Thursday, May 26, 2016

"Why doesn't my acoustic guitar sound any good when I plug it in?"




The LR Baggs VTC acoustic pickup... one of the popular & natural sounding pickups on the market. 
 
It isn’t unusual for a customer to come in & say “I’ve got a Brand X (or Y or Z) pickup up in my acoustic guitar but I’m not happy with my sound… what other pickups do you have I can try?”.  Often we find they already have a really good pickup so why doesn’t it sound any good?   

The first question we will ask is “What kind of amp are you plugging it in to?” & almost always the answer is “the same amp I use for my electric guitar”.  And therein lies the problem.  

Amplifiers for solid body electric guitars are designed to amplify the signals coming from the magnetic style pickups used on electric guitars. They are also designed to produce “distortion” very easily whereas for amplifying an acoustic instrument you need something that will reproduce a very natural, “clean” & even sound such as you get from transducer style pickups.  The same goes for amplifying violins, ukuleles or any other acoustic instrument for that matter.  

Consequently, if you plug an acoustic guitar into an electric guitar amp it will sound thin & "not very clean" & muffled... not really like an acoustic guitar or an electric guitar.  Vice versa, if you plug an electric guitar into a good acoustic amp, while it will work, it will sound very strange as well... & nothing like a solid body electric guitar.   

When you are amplifying an acoustic guitar what you are looking for is a very natural, almost hi-fi quality, tone that sounds natural to the human ear... something that has what we would call a very flat signal.  In this case a "flat" signal doesn't mean dull or colourless, it means that all frequencies are being amplified evenly & at around the same level so the tone is very even & ideally, just like the sound produced by the guitar when it isn't plugged in... only louder.  The best way to get this is from an amplifier designed especially for the acoustic  guitar.  Most major brands on the market including AER, Fender, Marshall, Laney & many others have excellent models specifically designed for exactly this purpose.  Most even have a microphone input as well as for the very same reasons your guitar will sound much better though an acoustic amplifier, so will your voice.   They will also work very well through keyboards or bass amps which are also designed to reproduce a very even, flat signal, & also of course through any PA system.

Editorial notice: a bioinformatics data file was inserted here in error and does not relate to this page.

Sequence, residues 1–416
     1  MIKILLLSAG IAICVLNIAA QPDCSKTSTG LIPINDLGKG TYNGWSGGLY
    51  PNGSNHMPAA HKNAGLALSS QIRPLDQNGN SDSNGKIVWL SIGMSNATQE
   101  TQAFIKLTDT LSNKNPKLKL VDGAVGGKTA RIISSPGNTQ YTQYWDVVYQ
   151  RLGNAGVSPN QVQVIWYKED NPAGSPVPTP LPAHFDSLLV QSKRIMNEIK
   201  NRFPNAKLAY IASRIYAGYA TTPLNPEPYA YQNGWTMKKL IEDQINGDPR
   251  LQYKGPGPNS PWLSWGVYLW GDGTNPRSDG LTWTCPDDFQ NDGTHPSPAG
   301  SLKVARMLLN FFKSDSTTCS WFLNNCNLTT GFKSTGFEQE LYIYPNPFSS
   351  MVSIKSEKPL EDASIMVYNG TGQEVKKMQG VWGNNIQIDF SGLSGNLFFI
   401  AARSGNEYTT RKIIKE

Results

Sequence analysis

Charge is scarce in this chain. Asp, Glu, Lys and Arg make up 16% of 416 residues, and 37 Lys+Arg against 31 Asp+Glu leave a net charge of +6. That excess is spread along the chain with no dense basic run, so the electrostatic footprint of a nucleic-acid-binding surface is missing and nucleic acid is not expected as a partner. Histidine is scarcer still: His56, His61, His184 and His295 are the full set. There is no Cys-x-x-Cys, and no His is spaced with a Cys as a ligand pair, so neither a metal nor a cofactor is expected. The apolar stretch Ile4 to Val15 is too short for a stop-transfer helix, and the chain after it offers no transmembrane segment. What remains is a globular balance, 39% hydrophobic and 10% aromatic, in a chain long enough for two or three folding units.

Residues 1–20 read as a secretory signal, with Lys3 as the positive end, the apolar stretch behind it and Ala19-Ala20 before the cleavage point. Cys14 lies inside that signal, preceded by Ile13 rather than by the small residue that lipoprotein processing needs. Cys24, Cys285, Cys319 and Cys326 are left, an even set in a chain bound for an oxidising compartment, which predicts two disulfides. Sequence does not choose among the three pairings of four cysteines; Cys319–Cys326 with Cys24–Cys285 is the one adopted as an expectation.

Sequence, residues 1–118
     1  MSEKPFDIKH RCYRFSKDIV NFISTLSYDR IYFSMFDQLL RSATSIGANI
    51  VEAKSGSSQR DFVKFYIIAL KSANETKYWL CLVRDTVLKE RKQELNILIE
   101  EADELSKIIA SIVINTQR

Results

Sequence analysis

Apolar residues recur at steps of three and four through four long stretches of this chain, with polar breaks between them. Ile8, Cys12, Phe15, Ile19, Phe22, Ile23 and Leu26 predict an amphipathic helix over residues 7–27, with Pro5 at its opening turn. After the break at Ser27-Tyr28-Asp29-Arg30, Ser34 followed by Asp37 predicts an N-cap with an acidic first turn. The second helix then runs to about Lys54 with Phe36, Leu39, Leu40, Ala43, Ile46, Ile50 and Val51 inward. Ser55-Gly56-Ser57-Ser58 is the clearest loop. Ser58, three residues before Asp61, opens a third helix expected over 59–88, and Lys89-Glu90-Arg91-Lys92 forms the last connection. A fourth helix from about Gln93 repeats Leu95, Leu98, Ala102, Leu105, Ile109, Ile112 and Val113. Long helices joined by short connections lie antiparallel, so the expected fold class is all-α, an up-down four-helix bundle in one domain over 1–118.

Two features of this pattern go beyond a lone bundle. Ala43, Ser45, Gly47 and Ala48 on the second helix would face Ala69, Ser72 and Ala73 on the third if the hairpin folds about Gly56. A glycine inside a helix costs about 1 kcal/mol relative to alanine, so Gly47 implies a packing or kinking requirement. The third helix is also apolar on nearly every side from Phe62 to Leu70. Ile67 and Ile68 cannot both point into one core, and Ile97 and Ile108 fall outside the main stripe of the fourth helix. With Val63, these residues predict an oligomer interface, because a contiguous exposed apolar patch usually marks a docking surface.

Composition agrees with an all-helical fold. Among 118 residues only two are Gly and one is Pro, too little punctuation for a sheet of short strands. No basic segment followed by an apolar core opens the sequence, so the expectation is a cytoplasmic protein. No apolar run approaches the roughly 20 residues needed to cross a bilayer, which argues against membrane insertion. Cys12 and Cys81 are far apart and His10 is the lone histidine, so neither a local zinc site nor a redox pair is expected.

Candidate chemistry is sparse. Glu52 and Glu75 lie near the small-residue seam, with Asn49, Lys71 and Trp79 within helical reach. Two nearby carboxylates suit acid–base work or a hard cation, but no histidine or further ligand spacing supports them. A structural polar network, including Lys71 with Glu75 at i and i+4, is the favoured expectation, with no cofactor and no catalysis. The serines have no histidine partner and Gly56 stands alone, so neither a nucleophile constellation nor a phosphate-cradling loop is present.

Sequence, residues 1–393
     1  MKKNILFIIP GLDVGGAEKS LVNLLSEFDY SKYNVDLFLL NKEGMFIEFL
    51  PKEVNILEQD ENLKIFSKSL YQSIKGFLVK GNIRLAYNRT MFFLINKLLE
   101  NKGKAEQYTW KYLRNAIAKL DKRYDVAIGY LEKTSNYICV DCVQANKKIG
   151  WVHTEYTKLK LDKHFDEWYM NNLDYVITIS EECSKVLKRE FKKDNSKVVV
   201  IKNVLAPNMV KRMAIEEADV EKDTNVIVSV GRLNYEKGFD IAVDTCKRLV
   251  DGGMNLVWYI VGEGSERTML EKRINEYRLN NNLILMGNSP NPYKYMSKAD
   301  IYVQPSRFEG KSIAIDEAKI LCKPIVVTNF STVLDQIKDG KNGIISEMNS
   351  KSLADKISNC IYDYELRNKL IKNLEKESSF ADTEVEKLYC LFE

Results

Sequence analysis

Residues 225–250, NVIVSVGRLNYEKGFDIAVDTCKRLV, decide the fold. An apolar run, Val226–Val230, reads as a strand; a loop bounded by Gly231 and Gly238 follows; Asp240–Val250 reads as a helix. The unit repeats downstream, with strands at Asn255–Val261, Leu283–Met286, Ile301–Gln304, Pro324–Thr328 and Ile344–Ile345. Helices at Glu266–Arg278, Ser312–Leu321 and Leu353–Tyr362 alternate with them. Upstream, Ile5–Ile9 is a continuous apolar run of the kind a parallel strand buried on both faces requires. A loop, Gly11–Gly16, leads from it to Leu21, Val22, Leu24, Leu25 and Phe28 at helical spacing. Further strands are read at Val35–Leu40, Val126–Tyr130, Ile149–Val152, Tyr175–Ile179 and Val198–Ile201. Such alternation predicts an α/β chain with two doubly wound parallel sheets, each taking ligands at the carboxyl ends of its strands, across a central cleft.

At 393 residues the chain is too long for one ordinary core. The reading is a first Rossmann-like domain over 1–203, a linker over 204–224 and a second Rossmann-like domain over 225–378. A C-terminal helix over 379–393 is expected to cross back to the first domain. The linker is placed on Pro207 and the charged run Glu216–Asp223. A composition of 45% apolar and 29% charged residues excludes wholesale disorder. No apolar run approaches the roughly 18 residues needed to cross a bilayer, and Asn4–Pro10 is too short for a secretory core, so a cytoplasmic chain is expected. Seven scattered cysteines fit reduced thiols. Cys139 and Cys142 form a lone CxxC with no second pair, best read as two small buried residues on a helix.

The German made AER brand of amplifier one of the finest acoustic guitar amplifier on the market & is the choice of many of the worlds top acoustic players including Tommy Emmanuel, Dave Hole, Jake Shimabukuro & many others.  

Wednesday, February 24, 2016

Are you having problems keeping your guitar in Tune?


If you are having problems keeping your steel string guitar in tune then here's a simple tip that may save you a lot of frustration!



We do a lot of servicing & "restrings"at Concept Music (& I mean a LOT!) & almost every day someone comes in with their guitar telling us "it keeps going out of tune!” & asking us if can perhaps change the machine heads "because they are slipping & need replacing".  In fact this is never the case. In 35 years I've never seen a slipping machine head cause a tuning problem!  A tuner may break or strip or fail completely from time to time but that's different - if they're broken or worn you won't even be able to get the string up to pitch in the first place, but if you can get it up to pitch then it's not slipping. Trust me.